From the first couple years when the punk scene was getting on its feet in Grand Rapids during the early 80‘s in the labor halls on the West Side, to the current cultural explosion of Art Prize, Pyramid Scheme and the Wealthy Theater, it can always be tracked back to a few daring people making a place at the table for the weird, the new and the misfit.
I discovered the local music community in the early 80s. At that time there was small group of people that called themselves the New Beat Club. They were putting on New Wave and Punk shows in Polish halls on the West Side of Grand Rapids. They did this because back then venues like the Intersection didn’t want anything to do with that kind of music. The bands around town at that time who were playing alternative music were Gina and the Modern Men, Nice Lawn, ADC , Top Down, at least those are a few that come to mind. Of course there was the U2 concert at Fountain Street Church I went to almost by accident and had my life changed as a result. I was in my early 20s and just coming out of Calvin College. There was a ton of cool music pouring out of England and NYC in those days that was just beginning to hit the Midwest. At those New Beat shows I always ended up right next to the stage soaking in the raw energy coming out of the amplifiers.
When a friend played the new Violent Femmes record for me I when right out and bought a $35 guitar and started making my own music as best I could. A year later I moved to NYC and then to Grad School in IL, then back to GR around ’87. In all those wanderings I always had a cheap guitar in a card board case among my very few belongings. All this time I was building my visual art career with music as a passionate hobby.
In 1993-94 as I was playing music with friends a band evolved we called Garden Party.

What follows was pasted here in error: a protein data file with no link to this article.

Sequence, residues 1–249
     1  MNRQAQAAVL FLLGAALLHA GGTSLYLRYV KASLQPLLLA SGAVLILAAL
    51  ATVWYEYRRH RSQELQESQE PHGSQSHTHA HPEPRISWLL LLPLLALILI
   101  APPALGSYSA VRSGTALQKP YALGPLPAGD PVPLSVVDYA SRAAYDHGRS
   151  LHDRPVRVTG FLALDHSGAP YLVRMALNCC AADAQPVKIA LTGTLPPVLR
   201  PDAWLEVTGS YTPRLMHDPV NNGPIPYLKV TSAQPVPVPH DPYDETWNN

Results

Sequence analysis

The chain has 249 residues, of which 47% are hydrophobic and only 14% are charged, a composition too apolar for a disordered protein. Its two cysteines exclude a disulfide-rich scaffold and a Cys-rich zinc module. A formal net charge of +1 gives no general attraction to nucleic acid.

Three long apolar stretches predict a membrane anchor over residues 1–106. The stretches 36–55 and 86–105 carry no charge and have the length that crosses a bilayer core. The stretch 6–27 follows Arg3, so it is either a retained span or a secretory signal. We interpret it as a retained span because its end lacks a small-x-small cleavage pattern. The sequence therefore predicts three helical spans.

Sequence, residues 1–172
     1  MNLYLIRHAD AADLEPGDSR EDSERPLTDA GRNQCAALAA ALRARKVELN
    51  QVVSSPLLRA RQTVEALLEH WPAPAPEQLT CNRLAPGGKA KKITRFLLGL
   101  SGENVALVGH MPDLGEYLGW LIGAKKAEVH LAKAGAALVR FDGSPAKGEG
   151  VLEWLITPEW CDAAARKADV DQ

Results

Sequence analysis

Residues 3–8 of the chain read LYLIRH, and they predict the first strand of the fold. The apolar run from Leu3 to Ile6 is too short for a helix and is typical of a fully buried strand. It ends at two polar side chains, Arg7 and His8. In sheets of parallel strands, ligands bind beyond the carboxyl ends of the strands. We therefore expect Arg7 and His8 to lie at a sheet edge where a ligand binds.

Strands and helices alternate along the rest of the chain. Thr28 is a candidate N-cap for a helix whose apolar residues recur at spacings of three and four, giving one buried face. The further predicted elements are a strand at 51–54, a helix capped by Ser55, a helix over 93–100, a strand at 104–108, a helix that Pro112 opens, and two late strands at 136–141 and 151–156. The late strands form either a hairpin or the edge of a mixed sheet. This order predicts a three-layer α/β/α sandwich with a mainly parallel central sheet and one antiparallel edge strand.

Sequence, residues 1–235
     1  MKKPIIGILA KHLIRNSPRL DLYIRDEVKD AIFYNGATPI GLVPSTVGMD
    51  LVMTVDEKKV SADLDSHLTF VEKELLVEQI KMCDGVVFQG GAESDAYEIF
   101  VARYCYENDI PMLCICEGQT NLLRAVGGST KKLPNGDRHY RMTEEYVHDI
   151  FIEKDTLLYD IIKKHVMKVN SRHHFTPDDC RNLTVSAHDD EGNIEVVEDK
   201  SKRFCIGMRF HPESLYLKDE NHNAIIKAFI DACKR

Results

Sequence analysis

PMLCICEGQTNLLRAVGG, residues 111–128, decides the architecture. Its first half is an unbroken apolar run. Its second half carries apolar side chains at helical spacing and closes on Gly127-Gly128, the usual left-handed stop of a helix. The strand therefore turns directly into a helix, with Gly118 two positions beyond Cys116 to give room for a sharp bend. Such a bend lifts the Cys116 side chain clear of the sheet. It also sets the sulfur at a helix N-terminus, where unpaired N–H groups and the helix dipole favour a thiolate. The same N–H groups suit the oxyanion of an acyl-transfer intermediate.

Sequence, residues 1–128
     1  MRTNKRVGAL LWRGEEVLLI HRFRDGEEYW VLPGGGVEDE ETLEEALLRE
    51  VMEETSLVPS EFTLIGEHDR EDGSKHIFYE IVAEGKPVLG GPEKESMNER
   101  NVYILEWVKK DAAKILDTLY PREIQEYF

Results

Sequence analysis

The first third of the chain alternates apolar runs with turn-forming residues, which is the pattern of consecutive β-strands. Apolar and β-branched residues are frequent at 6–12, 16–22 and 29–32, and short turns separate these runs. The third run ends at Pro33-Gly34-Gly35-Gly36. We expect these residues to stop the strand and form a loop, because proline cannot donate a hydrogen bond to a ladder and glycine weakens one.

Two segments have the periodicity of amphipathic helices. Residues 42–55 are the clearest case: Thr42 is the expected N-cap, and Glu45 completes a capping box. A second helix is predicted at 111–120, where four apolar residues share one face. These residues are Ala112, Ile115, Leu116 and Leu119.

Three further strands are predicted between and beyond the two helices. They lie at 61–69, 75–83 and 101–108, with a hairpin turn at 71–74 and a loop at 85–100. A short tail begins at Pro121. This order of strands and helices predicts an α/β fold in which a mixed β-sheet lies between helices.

We began to do shows in a coffee house in Eastown called the Vineyard Cafe in the old Trolly Barn building where the Intersection was in those days. It was a church affiliated and bringing in all kinds of really good local and not so local bands. One of those bands was Marzuki, the band with Sufjan Stevens and Shannon Stephens. They were already amazing in those days and a very hard act to follow. Garden Party made a 3 song cassette tape and then quietly disbanded.
Ten years later in 2004 I went down into a basement music studio with Rick Devon (Rick had been the drummer in Garden Party) and began work on Seamless Life which was to be my first CD. It had eleven tracks ten of which were my originals. A year later our family moved to Brooklyn NY just as Rick and I finished up recording Seamless Life. Rick finished up the last details and sent it on to me and I had it mastered in NYC by Gene Paul.
After a year playing coffee houses (including the CBGBs downstairs Gallery stage) our family moved back to GR. After a few years back home I put together the Wealthy Orphans which put out A Little Piece Of The Pie in the Spring of 2011 and then Throwing Glory last November 2012. The Wealthy Orphans is a four piece with Adam Thompson playing bass and vibes, Michael Schaeffer on accordion, and Levi Gardner on drums. I sing and play guitar. Our sound wanders around between early punk sounds of Jonathan Richmond and Lou Reed to the off kilter sound of Tom Waites. Some times our music sounds like what you might hear around a gypsy campfire if the Carter Family were there too.
I will always think of myself as a visual artist first and a musician second. And I am always looking for ways that music performance and visual art can intersect wether that means projecting video behind the band, adding professional dancers on a song, singing through a victrola horn or making cool letterpress posters. I am always looking for ways to build layers and depth into our performance events beyond. I want it to be more that just getting up and playing a set of songs.
The Grand Rapids music scene has grown a lot since those early days when I was just getting out of college in 1982. I feel like many of the exciting and creative things that are happening in our city today are direct result of the daring actions of people like my old friends in the New Beat club. The kind of people that were willing to make room for new things to happen wether many people came out to see it or not. It was about creating that place to try something new and then seeing where it might want to go from there. So that makes me wonder and excited about where we might go from here. I remember stumbling out of my first experience with Trip The Light at the Wealthy Theater a few years ago completely overwhelmed. Amy Wilson’s Dancers working with the live bands in a beautifully restored historic theater had created an experience that hit on so many sensory levels all at once. It is in moments like those that I suddenly see what I always new Grand Rapids was capable of growing into.